Fight against moss, dandelions goes on

Claudette Sandecki gives an update on the situation in her yard

In all my years of writing this column only two elicited more reader response than last week’s reporting on my moss killing attempts using an environmentally friendly mixture of one gallon of white vinegar, two cups of Epsom salts, and a quarter cup of blue Dawn dishwashing liquid.

I’d be exaggerating if I said the column went viral, but an update does seem to be in order.

In my test plot where I sprinkled the mixture from a garden watering can the moss and dandelions are dead, no sign of resurgence, while purple clover, grass and a feathery leaf identified to me as fennel are expanding and cherry seedlings look happy.

In the second test spot where I shook the mixture from a plastic jar with many 1/16 inch holes drilled in the lid, moss is completely dead and unlikely to revive.

A visitor helped get my gallon sprayer working and with it I sprayed more moss and a line of dandelions with its fine mist. Perhaps too fine a mist. Wherever the mist touched the dandelions are withering and turning brown.

But half the leaves didn’t receive a deadly dose or maybe any of the mixture necessitating a second application.

All in all, the vinegar mixture definitely kills moss and dandelions without harming whatever else grows in my yard.

Being without a mower for several weeks has allowed new plants to flourish, plants that otherwise were cut down before they flowered. In one corner, where I recall seeding a package of wild flowers years ago, I had a widespread crop of small yellow blossoms.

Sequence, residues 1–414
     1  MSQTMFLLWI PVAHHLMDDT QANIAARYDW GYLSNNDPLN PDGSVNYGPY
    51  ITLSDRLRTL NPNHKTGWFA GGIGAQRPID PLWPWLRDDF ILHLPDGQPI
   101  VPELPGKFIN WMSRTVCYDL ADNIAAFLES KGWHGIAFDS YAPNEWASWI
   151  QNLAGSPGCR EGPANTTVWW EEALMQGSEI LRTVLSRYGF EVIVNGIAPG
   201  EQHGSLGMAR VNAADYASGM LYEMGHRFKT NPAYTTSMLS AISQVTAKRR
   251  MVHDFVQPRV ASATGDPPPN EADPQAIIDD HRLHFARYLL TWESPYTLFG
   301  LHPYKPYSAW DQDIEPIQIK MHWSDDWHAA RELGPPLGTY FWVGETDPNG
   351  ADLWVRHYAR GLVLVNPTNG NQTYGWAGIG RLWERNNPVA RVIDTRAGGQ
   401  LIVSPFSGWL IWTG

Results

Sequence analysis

My mower was out three weeks for tune-up after I tilted it to the wrong side to scrape out a mush of mangled green underneath that I deduced might be hampering the blades.

I caused oil to soak the air filter. The poor machine coughed like a senior with emphysema and promptly expired amidst a heavy swath of dandelions, moss, and grasses. A small motor mechanic replaced the air filter, and sharpened the blades.

Once back out in the field, I faced poplar saplings 30 inches high with stems thick as China markers. A chain saw would have been in order.

After I mow everything, I look forward to spraying the main of my yard with MossOut. That I can do by attaching the hose to the container which then delivers the MossOut.

I know from experience several years ago such a treatment will knock down moss so that I can, if I choose, push a lawn mower rather than pull it to keep the wheels from burrowing in the moss. But before I spray I have the interim step of raking up all the clipping gobs and wheeling them to the compost pile. Without first raking, the MossOut stands little chance of touching the moss.

With the “lawn” clipped, robins can hop about feeding on worms. My Mickey Mantle dog can locate a ball if I pitch it, though he does cough up clippings and spit out mossy bits.

Three weeks of no mowing allowed an impressive array of greenery including kinnikinnick and thimbleberries to overrun every unoccupied area. They formed a thick barrier along the fence too high for my dogs to see beyond; they could hear but not see traffic approaching.

Nor could they scuffle with strays through the fence. This barrier also had the effect of keeping out stray mini dogs capable of squeezing through tight spaces.

The one bright side to helplessly watching invasive greenery grow ever higher and more impenetrable was the indisputable excuse it gave me to stay in and read CBC’s daily computer blog of Duffy’s unfolding trial.

Claudette Sandecki continues her gardening and lawn battles from her residence in Thornhill, B.C.

 

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